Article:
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I wrote this code from a tutorial to learn the toupper function, but when ran I get a compile time error cannot convert string type to bool for the while statement. Is there another way to approach this?

#include <iostream>
#include <cctype>
#include <stdio.h>

using namespace std;

char toupper(char numb);

int main()
    char c;

    int w = 0;
    string anArray[] = {"hello world"};

    while (anArray[w])
        c = anArray[w];

        putchar (toupper(c));

share|improve this question

Just use the actual string type. This is C++ not C.

string anActualString = "hello strings";

You're confusing the classic array of characters necessary to implement strings in C and the ability to use actual strings in C++.

Also, you cannot do while (anArray[w]) because the while() tests for boolean true or false. anArray[w] is a string, not a boolean true or false. Also, you should realize that anArray is just a string array of size 1, the way you posted it. Do this instead:

int w = 0;
string aString = "hello world";

while (w < aString.length()) // continue until w reaches the length of the string
    aString[w] = toupper(aString[w]);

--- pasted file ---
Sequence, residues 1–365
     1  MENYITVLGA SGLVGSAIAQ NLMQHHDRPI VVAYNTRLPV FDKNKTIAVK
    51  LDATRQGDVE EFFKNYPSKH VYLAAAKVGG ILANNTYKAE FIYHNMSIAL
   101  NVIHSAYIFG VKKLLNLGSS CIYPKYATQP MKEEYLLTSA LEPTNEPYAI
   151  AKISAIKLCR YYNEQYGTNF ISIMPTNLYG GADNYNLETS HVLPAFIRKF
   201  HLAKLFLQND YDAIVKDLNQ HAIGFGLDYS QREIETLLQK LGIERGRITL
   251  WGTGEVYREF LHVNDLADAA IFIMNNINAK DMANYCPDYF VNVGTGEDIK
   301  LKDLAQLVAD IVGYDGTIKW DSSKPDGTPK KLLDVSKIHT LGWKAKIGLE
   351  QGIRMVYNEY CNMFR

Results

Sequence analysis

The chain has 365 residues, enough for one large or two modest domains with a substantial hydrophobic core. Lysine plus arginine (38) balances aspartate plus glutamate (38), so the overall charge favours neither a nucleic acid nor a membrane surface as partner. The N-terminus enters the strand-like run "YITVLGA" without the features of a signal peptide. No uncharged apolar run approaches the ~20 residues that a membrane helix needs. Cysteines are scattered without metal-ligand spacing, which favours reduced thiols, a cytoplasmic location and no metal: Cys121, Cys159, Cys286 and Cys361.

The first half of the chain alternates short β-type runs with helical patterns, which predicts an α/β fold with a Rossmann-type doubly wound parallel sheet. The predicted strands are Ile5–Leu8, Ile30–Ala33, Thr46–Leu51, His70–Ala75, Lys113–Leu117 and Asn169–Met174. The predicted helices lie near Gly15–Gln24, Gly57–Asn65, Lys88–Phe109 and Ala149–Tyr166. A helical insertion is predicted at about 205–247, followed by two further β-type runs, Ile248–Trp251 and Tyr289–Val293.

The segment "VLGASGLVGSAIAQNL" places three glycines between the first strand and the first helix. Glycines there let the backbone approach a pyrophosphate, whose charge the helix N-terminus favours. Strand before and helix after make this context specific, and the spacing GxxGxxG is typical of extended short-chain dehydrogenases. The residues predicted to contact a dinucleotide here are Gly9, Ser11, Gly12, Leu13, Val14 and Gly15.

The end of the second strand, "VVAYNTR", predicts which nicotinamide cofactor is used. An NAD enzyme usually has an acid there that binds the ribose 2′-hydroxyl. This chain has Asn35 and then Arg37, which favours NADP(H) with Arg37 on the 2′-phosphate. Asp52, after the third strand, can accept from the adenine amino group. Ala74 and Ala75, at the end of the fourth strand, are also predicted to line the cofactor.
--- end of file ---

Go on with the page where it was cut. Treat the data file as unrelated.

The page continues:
The neat thing about strings in C++ is that you can use the [] on them as if they were regular arrays.

share|improve this answer
Actually, anArray[w] is a string in the original post. anArray is initialized to an array of strings of size 1. So, anArray[0] is the string, and anArray[1] is beyond the end of the array. – Steger Mar 31 '14 at 18:49
so in c they used arrays for mainly a series of numbers or characters. and now in c++ they evolved that to strings – TheStache Mar 31 '14 at 18:56
@Adosi: Can you edit your answer to correct it regarding anArray[w]? Probably should say something like: "anArray[0] is the string..." – Steger Mar 31 '14 at 20:14
@TheStache: Yes, c-style arrays are pretty much a thing of the past in modern C++ code. Instead, you can substitute std::string for character strings and std::vector<> for collections of everything else. Also familiarize yourself with other collections (set, map, list), but vector is the drop-in for c-style arrays. – Steger Mar 31 '14 at 20:18
@Steger, or you could edit my answer – Adosi Mar 31 '14 at 20:59

The sample looks as they might have wanted to type

char anArray[] = { "hello world" };


char anArray[] = "hello world";

instead of the original

string anArray[] = { "hello world" };

Like Adosi already pointed out, std::string is a more c++ like approach.

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